is the cbs news political analyst and slate's chief political correspondent. ramesh ponnuru is a visiting fellow at the american enterprise institute and senior editor for the "national review" and we want to welcome adam entous to the broadcast, he covers national security and foreign policy for the "washington post". ramesh, i want to start a with you. we have seen two reactions to this terrorist attack in london. the first was from the secretary of defense, james mattis and he was asked about the reports and he said, quote, i like to learn about something before i talk. and then we have had the president wh who has tweeted que a number of times since the attack, maybe half a dozen types and talked about everything from promoting his travel ban, he criticized the mayor of london, and he also talked about also gun control. what do yowhat do you make of to different reactions? is that the yin and yang of the trump reaction? >> i think the secretary of defense has reeked in a fairly customary manner for a high government official, and president trump continues to redefine what presidential means
9:16 am
in this new era. i thought that he found the right tone after manchester when he called the attackers evil losers, i thought that was kind of an inspired choice of rhetoric, here i third he reverted to his normal twitter form. i think it is off the tone that we would want to have in a president. i think gratuitously getting gen argument with the mayor of london whose city just suffered this attack, even if you political disagreements, trying to win debate points on issues like gun control, that is stuff you can leave to talk radio hosts that you wouldn't normally have the president, the leader of the free world doing. >> dickerson: the president mentioned that america needs to stop being politically correct. what do you think that means? he means, i guess in part the travel ban, do you think it goes beyond that? >> i think it is very much tied to the travel ban and broadly is a piece of president trump's view that oh, radical islamic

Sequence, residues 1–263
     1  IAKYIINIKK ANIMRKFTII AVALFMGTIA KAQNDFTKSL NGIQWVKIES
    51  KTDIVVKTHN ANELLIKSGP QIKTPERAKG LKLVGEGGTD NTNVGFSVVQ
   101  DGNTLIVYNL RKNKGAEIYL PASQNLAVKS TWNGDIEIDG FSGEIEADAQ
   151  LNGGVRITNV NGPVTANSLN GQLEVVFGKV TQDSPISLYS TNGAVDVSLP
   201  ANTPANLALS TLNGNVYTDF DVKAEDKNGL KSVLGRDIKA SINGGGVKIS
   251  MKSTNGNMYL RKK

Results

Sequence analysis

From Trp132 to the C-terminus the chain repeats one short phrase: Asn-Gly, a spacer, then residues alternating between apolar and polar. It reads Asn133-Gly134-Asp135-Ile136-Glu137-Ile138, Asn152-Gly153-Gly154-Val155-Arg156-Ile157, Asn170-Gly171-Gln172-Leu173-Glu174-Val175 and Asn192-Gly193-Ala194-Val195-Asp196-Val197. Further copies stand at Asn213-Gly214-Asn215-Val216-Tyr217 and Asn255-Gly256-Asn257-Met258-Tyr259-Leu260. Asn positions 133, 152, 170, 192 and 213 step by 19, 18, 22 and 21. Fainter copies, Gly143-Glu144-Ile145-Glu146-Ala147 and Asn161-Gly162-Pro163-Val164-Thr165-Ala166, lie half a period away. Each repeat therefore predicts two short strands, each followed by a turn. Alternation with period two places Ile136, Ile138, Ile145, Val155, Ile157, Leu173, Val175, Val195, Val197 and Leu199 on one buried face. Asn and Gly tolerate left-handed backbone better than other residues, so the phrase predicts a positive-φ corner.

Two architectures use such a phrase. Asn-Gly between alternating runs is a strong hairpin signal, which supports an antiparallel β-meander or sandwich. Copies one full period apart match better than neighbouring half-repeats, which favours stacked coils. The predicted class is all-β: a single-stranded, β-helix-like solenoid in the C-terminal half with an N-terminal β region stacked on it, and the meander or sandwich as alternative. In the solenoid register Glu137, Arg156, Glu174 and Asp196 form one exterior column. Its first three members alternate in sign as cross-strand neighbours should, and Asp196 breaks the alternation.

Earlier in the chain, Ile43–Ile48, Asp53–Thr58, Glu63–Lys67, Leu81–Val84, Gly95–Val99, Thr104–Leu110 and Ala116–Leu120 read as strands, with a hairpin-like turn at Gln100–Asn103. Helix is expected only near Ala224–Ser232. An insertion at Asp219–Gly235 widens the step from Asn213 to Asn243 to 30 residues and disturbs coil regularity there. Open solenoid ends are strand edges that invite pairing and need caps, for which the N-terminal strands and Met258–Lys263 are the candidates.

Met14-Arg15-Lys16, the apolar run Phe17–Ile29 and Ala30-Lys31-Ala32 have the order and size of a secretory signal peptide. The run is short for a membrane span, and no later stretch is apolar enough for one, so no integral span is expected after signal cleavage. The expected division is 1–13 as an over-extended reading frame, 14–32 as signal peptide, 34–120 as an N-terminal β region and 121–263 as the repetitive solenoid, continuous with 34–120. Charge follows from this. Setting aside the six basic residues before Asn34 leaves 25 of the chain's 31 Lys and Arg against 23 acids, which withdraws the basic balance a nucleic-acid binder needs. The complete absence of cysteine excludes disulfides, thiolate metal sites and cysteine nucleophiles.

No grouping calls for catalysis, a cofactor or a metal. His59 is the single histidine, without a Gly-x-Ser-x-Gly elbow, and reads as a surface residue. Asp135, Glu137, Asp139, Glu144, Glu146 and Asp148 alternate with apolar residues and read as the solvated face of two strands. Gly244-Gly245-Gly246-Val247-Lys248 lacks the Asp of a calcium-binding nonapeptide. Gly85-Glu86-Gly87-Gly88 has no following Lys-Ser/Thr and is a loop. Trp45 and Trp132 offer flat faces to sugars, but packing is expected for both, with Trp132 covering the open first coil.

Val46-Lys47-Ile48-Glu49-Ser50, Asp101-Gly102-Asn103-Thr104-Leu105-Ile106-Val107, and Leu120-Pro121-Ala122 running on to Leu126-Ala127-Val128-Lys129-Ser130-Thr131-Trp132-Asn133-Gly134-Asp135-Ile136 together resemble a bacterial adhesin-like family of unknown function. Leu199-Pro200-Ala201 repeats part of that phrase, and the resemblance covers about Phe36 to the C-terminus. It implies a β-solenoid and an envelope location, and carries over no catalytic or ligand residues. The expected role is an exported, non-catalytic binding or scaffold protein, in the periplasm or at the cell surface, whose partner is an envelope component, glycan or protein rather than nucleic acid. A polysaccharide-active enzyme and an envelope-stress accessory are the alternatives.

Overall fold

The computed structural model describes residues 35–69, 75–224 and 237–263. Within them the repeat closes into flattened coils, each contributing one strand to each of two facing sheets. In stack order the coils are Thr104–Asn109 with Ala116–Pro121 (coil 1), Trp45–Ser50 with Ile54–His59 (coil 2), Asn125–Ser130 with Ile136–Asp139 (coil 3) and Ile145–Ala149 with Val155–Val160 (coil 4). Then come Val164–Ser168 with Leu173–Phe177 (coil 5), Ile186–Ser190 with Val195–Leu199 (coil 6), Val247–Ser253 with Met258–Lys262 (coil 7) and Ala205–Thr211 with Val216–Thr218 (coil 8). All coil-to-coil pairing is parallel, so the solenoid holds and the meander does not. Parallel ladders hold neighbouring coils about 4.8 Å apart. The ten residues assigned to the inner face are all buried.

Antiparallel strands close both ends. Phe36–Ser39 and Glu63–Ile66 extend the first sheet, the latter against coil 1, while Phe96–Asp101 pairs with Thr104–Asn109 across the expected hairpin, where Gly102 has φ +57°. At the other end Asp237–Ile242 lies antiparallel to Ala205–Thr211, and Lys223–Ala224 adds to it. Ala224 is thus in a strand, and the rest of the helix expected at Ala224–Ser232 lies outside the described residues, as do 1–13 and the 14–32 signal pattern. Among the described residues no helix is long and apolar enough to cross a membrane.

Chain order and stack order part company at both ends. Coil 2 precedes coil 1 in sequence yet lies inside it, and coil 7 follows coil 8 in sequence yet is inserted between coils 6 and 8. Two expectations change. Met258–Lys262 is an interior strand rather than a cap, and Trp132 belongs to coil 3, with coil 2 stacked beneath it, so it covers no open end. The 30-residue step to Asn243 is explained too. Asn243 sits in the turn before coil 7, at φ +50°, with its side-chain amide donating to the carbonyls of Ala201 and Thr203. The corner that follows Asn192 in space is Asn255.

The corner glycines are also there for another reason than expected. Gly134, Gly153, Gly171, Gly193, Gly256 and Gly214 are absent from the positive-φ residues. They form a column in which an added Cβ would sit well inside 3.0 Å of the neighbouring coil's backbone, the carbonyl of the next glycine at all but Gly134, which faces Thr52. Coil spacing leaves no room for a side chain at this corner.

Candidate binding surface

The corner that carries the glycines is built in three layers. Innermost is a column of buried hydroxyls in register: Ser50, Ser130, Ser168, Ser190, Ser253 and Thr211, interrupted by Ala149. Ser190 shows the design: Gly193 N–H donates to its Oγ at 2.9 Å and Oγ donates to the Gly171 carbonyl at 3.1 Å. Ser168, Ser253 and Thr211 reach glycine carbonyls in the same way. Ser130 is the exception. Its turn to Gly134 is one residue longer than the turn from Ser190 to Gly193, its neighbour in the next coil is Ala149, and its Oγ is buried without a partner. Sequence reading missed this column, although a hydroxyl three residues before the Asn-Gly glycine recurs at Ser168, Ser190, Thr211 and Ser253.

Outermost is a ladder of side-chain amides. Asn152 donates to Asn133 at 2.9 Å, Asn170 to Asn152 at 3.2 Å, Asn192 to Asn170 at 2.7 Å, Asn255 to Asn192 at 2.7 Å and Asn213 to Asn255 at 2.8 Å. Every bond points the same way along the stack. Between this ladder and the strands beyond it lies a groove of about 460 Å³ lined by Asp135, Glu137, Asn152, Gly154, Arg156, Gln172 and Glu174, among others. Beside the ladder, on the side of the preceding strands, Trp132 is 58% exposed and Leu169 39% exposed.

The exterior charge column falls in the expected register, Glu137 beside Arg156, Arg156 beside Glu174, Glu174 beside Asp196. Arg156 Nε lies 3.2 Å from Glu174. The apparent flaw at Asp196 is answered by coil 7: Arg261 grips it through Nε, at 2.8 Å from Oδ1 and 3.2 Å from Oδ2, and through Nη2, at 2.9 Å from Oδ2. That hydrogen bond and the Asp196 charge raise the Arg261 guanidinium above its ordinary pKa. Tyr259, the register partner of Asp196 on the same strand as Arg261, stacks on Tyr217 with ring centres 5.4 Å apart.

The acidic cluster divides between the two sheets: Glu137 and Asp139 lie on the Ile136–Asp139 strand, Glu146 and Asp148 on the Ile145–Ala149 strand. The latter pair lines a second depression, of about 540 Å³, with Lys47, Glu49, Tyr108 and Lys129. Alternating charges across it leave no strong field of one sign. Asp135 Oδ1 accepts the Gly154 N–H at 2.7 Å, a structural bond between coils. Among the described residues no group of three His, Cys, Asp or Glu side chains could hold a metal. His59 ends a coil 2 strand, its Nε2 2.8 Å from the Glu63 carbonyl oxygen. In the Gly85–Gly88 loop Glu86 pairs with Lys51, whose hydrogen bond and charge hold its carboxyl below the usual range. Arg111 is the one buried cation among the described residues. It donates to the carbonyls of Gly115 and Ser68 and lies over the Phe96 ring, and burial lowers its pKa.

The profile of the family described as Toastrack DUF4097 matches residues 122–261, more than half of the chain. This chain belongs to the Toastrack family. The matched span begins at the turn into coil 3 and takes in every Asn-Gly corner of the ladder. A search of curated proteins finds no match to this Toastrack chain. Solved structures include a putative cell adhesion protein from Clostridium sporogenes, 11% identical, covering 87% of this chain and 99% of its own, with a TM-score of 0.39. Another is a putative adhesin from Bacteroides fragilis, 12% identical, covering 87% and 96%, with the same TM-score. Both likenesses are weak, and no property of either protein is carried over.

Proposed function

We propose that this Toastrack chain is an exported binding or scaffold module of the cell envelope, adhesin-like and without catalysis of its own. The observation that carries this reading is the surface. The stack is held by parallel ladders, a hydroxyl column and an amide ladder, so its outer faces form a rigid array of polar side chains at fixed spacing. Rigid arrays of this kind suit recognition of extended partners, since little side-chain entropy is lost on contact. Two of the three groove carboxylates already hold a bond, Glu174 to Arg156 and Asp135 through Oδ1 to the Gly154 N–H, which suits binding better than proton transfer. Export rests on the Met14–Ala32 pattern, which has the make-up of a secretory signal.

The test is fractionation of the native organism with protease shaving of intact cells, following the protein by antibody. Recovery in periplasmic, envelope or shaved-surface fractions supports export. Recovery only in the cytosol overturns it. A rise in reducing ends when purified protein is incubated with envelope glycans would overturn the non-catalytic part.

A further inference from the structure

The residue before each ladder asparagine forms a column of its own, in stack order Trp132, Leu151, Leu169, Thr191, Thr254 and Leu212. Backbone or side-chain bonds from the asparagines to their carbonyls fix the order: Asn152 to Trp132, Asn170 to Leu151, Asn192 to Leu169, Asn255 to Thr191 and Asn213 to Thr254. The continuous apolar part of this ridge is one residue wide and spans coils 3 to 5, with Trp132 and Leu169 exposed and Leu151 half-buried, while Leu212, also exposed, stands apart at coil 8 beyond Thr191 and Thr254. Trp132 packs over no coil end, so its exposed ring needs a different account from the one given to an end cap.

9:17 am
terrorism is the chief threat to the world. it is interesting that the president says that what needs to happen is less political correctness, given that if you look at his administration we have posts in the state department -- there is, i don't believe there is an ambassador to the uk at the moment. we have an administration that simply is not fully equipped to deal with security issues and my perspective it seems like that is what we need, less than any particular kind of political incorrectness but i do think that this choice of words about political correctness ties back to president trump sort of broader narrative about islam, about islam's danger to the west and to the united states and i think that is rhetoric that, as i think mayor of london criticized president trump for, may be a disadvantage to try to do something about -- >> dickerson: carol, what is the your sense of this? you have -- the president, obviously during the campaign, he spoke out or made this
9:18 am